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BOJ survey highlights sharp bond market strains from ultra-easy policy

Tan KW
Publish date: Fri, 01 Dec 2023, 10:47 PM
Tan KW
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TOKYO The Bank of Japan (BOJ)'s massive asset-buying scheme introduced in 2013 led to a sharp deterioration in bond market function, which continued to worsen after the adoption of yield curve control, a central bank survey of market participants showed on Friday.

The findings highlight the strains that the central bank's prolonged super-loose monetary policy has inflicted on market liquidity in the world's third-largest economy, and could affect its decision on when to start reversing ultra-low interest rates.

The survey was conducted as part of a comprehensive review that the BOJ is conducting on the impact its 25-year unconventional monetary easing steps on the economy and financial markets.

A diffusion index measuring how market participants viewed bond market functioning worsened sharply to five, after the BOJ's adoption of quantitative and qualitative easing (QQE) in April 2013, from 62 before its introduction, the survey showed.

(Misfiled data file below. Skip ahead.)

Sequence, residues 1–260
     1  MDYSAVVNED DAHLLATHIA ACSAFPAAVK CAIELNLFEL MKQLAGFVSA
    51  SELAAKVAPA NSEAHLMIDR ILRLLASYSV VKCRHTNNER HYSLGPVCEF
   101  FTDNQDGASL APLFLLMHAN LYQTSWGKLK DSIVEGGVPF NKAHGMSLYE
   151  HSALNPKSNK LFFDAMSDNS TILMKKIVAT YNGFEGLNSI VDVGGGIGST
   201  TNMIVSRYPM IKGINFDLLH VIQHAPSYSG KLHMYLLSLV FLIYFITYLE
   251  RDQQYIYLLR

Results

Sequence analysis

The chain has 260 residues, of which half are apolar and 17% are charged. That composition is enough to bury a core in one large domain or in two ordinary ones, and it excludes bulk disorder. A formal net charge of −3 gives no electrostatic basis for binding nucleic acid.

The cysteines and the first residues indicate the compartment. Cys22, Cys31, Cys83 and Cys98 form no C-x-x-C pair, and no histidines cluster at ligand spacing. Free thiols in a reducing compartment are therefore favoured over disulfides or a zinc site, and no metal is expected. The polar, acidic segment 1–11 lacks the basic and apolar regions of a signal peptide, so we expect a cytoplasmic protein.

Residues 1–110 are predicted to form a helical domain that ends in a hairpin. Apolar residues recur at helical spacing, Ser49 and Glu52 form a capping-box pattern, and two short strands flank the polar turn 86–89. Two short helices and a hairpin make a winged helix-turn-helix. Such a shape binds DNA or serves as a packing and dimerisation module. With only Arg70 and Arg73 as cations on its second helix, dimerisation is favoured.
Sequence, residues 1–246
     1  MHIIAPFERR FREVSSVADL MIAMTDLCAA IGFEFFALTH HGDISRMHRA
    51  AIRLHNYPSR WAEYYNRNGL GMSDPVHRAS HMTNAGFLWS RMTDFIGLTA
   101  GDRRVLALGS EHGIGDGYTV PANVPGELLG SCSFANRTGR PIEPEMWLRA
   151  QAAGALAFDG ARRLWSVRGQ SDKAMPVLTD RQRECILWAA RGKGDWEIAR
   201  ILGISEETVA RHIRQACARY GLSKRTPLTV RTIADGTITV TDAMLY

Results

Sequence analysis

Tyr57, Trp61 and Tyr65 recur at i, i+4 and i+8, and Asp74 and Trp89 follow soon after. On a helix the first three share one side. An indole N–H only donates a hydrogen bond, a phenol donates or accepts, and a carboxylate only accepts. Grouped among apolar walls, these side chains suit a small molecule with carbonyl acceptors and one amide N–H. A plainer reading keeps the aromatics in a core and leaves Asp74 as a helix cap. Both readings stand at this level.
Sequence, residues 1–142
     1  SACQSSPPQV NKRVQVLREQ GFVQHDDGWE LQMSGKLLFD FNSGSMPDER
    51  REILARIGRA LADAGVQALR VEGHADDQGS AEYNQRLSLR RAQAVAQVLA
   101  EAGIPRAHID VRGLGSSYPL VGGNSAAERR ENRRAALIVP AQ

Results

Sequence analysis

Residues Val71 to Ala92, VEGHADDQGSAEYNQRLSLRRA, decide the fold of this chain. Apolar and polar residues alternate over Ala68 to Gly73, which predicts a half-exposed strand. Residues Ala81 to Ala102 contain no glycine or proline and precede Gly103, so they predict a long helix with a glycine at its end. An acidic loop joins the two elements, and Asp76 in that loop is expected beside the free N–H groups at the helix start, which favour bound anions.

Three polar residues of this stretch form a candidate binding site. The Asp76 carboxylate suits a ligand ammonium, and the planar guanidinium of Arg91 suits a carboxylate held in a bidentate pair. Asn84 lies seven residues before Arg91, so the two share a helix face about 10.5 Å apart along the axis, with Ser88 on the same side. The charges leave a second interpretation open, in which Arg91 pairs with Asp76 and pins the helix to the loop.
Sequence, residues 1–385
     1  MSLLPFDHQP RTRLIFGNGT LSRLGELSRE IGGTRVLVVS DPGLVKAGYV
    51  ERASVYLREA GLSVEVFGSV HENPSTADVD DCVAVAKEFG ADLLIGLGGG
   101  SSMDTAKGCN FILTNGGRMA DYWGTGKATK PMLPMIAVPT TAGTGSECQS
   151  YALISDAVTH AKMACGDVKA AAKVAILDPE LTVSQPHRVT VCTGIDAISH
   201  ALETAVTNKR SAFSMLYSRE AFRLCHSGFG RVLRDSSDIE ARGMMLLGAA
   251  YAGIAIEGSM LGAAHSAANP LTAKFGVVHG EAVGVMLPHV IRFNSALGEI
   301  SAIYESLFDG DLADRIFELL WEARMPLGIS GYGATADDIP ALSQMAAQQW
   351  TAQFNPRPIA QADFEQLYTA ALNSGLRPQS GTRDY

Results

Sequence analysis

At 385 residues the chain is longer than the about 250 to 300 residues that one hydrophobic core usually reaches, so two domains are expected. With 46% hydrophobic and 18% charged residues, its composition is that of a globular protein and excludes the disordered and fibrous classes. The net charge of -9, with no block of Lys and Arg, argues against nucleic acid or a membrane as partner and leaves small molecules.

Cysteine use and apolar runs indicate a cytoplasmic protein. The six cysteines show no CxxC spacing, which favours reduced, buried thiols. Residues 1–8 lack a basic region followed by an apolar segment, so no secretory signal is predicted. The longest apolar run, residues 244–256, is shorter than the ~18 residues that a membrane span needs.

The index worsened further to -48, after the introduction of negative interest rates in January 2016, and to -71 after the adoption of yield curve control (YCC), the survey showed.

Former governor Haruhiko Kuroda deployed QQE in April 2013, aiming to shock the public out of a deflationary mindset with heavy money printing, and fire up inflation to the bank's 2% target.

After the huge bond-buying began drying up market liquidity, the BOJ pushed short-term interest rates to negative territory in January 2016. It then adopted the YCC in September 2016, under which it caps the 10-year bond yield around zero.

With inflation exceeding 2% for more than a year, many market players expect incumbent governor Kazuo Ueda to dismantle his predecessor's massive stimulus programme next year.


  - Reuters


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